Hockey

Sidney Crosby's Injury Clouds a Potentially Series-Changing Win for Washington

Washington may have turned around its series against Pittsburgh in Game 3. Unfortunately, the Capitals' potentially franchise-changing moment arrived at the same time as a potentially devastating injury to Sidney Crosby.
May 2, 2017, 3:53pm
Charles LeClaire-USA TODAY Sports

Game 3 between the Washington Capitals and the Pittsburgh Penguins was littered with one horrific moment after the next. You couldn't believe your eyes. You cringed. You recoiled in horror. How was this happening? Just when you thought it couldn't get worse, it somehow found a way to get worse.

And that was just the reaction to people tweeting about the game.

When the dust settles in mid-June and we look back at this postseason, what happened at PPG Paints Arena may be considered the turning point for the Capitals' run to an elusive Stanley Cup. Overtime was extracted from the jaws of victory and the Penguins were one goal away from taking a 3-0 series lead. There would have been no more fitting end to the game—and, by extension, Washington's season—than to blow it in this fashion in Pittsburgh.

Fortunately for the Capitals, Kevin Shattenkirk, who has been infected with Brooks Orpik Disease in this series and, to put it nicely, ineffective in the postseason, had a power-play goal in overtime. What had been looking like the final nail in the Capitals' coffins turned, potentially, into the moment the Capitals finally became President. Or champions. Or winners. The sports equivalent of that thing political pundits do when a bad politician finally does something good or mediocre.

Instead, the game will be remembered for something else: the potentially catastrophic injury to Sidney Crosby.

Kevin Shattenkirk delivered the game winner in overtime for the Capitals. Photo by Charles LeClaire-USA TODAY Sports

It happened in a flash. Crosby drove the net hard. Alex Ovechkin skated back just as hard to defend. Ovechkin's skate clipped Crosby's skate. Ovechkin's stick bounced off Crosby's helmet. Crosby lost his balance and fell to a knee. Still traveling at great speed, Crosby glided toward Matt Niskanen. In a split-second reaction, Niskanen raised his hands and stick into the head of Crosby, who absorbed the forceful blow. Crosby was helped to the locker room, presumably with a concussion, and did not return.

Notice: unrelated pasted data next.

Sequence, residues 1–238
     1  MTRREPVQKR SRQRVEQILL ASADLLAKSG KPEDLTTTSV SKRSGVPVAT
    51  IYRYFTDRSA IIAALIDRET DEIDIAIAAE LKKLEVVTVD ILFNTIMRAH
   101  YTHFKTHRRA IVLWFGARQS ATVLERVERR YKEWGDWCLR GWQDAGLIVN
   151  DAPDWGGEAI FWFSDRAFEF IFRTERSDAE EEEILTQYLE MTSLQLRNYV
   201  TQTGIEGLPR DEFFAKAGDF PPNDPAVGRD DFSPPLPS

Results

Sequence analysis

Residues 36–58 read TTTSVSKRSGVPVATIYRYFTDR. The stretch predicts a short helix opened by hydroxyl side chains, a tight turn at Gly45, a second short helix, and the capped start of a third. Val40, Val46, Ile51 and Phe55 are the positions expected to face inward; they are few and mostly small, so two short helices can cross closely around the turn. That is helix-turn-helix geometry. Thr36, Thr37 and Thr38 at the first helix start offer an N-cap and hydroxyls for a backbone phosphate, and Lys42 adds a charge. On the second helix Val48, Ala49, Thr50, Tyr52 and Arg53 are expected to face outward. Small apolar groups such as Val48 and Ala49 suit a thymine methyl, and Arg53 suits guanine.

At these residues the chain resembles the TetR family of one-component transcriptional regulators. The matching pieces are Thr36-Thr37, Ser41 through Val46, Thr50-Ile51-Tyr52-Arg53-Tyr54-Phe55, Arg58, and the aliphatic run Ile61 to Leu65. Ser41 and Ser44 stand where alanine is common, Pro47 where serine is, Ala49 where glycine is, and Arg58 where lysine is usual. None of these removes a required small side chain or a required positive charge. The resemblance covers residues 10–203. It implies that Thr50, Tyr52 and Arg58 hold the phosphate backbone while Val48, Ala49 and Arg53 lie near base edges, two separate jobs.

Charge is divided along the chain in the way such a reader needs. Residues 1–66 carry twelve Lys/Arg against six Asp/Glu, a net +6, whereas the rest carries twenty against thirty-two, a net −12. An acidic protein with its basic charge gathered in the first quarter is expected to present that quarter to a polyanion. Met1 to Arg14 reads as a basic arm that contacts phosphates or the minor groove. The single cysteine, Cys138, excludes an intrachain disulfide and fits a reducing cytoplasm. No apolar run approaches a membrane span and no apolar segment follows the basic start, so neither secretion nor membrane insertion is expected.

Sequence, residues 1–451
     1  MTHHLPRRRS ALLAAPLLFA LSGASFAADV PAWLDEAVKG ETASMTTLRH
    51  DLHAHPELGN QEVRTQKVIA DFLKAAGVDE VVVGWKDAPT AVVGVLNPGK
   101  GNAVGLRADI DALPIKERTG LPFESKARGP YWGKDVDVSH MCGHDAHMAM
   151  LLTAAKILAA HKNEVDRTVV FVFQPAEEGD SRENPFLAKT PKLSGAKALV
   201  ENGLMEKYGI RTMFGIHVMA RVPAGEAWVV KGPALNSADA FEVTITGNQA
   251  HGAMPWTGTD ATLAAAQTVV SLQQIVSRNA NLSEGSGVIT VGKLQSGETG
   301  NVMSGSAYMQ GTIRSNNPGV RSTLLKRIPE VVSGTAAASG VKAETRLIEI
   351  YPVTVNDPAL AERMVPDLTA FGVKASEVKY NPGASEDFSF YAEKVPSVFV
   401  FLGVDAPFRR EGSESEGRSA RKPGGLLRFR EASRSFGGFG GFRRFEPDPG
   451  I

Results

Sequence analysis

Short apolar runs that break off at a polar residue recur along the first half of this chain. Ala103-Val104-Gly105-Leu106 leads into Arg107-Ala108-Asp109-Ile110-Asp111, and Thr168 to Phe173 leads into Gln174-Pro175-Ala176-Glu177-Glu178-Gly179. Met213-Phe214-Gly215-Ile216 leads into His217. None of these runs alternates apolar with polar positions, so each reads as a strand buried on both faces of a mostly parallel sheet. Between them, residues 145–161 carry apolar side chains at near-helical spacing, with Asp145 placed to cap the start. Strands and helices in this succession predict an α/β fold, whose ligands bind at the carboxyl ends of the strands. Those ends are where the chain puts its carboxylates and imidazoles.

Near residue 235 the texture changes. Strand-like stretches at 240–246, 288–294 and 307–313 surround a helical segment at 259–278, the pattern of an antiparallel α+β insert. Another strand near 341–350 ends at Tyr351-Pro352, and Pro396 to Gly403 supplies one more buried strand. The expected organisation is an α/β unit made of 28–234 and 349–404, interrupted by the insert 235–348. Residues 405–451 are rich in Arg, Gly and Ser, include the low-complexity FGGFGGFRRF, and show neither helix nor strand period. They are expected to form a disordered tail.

To borrow a line from the movie Clue, that's how it could have happened, but how about this?

It happened in a flash. Crosby drove the net hard. Ovechkin, the bad guy wrestler from the foreign land, intentionally kicks out Crosby's skate while delivering a malicious chop to Crosby's head. Wobbled by the nefarious blow, Crosby stumbles into the waiting stick of Niskanen, the traitorous tag-team partner who left the Penguins to complete this coordinated attack on the skull of a former teammate in an effort to swing an unwinnable series. It was a plan discussed at length in secret and brought to fruition in front of the world.

If you believe any part of that second scenario, you are either a hockey novice who doesn't understand the speed of the game and the reflexes that can lead to something like Niskanen driving his stick into Crosby's head, or you are an idiot hell-bent on driving a narrative of premeditated assault that is only believable if you have either an undying love for the player that blinds your ability to be objective or an overwhelming need to bring traffic to your website. The first option is understandable, as hockey is the most fluid full-contact sport in the world and can be difficult for the most well-versed observer to understand; the second one is unacceptable and you should take a deep breath before removing the tin foil hat.